In the present invention, any two or all of the cementing components, fillers and setting components can be premixed. To form cement, the premixed material, e.g., powder, comprising all three types of material is added to the desired amount of water, for example, in the form of a saline solution, to form a paste. This paste becomes viscous and adhesive or cohesive. After a certain time, the paste sets and hardens. Alternatively, the setting components are mixed with water first. The cementing components and fillers are then mixed with this aqueous mixture to form a paste. In such case, if the setting component is able to dissolve completely in water, a setting solution can be prepared by dissolving the setting component first. The premixed cementing components and fillers are then pasted with the setting solution.
In general, the setting time of the present cements can be easily controlled, for example, so that the paste hardens or sets in about 20 minutes or less after the paste, for example, the viscous and cohesive paste, is formed. Beside controllable setting times, the present cements have near neutral or slightly alkaline (pH) surface characteristics. In addition, the composition of the cements can be changed over a relatively wide range so as to provide the flexibility and advantages of controlling the resorption rate.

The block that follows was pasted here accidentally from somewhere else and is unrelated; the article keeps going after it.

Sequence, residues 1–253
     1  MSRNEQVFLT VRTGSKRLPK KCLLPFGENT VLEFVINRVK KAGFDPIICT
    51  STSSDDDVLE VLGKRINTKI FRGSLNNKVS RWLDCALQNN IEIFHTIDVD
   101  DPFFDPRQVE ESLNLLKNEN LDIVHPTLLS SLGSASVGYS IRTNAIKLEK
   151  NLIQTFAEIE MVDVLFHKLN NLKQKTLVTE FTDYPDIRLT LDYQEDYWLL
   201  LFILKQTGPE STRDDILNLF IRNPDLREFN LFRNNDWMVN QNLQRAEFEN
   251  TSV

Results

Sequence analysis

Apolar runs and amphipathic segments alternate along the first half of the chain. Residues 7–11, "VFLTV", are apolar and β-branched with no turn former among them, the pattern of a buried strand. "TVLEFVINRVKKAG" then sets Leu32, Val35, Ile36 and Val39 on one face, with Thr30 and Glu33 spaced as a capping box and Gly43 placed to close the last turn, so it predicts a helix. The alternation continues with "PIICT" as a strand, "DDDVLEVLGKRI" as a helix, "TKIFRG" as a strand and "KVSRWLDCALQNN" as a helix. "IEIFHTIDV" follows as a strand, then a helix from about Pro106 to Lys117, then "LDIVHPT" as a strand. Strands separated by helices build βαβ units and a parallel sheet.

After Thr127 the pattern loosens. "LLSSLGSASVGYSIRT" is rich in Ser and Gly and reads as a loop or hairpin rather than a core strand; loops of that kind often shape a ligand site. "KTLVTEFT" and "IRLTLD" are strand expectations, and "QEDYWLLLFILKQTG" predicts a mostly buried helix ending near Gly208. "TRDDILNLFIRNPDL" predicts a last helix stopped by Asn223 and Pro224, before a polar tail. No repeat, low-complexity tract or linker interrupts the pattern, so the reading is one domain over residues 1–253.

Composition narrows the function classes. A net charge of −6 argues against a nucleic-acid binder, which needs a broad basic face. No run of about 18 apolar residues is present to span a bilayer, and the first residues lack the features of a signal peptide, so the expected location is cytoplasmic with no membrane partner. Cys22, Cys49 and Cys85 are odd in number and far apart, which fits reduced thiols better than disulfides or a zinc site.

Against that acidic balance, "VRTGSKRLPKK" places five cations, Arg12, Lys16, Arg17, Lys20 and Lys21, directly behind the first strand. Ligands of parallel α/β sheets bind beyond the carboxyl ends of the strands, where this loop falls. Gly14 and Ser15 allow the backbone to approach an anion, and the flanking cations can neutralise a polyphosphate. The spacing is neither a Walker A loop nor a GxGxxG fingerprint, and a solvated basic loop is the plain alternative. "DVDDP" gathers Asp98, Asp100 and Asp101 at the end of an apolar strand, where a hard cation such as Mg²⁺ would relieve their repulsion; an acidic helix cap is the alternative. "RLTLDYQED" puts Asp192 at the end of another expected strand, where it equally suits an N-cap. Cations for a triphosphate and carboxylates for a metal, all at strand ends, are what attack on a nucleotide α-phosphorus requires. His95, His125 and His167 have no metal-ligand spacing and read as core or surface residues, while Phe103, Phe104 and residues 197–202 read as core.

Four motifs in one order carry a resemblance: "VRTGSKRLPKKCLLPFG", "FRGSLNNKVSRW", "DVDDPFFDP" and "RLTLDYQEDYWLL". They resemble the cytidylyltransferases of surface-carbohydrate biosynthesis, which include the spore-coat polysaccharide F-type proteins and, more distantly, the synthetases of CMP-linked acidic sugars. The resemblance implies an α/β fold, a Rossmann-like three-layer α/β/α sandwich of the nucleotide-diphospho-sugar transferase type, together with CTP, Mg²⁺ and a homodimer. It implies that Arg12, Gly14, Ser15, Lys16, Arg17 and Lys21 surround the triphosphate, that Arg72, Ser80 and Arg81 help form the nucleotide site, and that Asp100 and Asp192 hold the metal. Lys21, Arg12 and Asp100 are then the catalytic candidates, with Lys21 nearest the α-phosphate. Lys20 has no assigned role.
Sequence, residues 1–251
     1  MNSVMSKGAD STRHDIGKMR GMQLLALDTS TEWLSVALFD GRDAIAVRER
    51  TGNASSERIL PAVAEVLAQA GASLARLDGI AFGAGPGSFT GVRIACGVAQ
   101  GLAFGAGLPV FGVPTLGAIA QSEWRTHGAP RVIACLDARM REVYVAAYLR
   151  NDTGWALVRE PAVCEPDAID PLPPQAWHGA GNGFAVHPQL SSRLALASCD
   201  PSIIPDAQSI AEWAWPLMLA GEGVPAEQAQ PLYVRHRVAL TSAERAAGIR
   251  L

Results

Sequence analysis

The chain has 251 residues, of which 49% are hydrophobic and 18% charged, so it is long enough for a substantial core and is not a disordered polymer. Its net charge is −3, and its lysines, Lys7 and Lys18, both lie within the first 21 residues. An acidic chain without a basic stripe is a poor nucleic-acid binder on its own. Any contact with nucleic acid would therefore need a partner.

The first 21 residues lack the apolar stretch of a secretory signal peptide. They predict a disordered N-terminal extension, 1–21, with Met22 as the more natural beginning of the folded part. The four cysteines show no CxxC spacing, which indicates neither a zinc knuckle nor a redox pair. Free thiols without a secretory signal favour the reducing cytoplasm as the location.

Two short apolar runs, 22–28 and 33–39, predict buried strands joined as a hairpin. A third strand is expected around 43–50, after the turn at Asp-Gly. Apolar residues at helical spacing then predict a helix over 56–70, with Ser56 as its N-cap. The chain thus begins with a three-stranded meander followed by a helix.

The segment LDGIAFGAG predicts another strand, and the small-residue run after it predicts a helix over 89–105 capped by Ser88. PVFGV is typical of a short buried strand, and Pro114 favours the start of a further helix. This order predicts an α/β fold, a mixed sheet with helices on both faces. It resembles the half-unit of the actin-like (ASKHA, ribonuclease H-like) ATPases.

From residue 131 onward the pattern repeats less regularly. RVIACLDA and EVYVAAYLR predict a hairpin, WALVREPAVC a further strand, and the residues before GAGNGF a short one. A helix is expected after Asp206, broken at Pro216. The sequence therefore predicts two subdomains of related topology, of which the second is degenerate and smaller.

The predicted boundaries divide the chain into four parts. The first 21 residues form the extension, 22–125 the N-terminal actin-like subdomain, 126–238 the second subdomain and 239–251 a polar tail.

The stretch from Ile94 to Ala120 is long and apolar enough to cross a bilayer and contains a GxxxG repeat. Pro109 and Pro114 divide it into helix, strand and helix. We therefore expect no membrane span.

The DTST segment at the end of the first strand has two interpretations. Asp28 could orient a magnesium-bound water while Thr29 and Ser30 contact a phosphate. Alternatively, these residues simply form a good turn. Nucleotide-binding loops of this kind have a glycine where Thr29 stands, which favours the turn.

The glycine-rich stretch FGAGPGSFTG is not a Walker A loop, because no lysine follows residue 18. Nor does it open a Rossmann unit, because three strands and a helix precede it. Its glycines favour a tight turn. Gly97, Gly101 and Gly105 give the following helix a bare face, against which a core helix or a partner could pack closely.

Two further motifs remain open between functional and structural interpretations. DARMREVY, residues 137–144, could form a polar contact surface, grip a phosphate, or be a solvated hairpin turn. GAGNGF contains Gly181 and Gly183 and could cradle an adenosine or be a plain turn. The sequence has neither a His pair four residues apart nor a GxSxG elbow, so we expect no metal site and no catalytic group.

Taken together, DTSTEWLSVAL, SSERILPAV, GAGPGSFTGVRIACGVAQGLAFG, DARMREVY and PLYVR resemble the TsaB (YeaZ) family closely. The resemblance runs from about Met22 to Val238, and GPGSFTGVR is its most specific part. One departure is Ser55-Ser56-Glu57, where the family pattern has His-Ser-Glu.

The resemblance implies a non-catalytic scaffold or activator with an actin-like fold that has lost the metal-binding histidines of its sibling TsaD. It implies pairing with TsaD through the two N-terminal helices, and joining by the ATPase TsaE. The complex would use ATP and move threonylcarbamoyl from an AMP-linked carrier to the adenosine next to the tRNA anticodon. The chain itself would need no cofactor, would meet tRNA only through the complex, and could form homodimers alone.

The cements of the present invention can be used in orthopedic, maxillofacial and cranial facial surgical applications and in dental applications. These include 1) a hard tissue replacement material such as bone graft, bone defect filler or bone replacement, 2) ridge augmentation, 3) bone fracture fixation, 4) gluing cement for dentistry and orthopedic surgery, 5) root cement, 6) jaw repair, 7) bone wax substitute and 8) drug release systems. Antibiotic (preferably up to about 20% by weight of the cement) and bone growth proteins (preferably up to 10% by weight of the cement) can be released by the cement of this invention.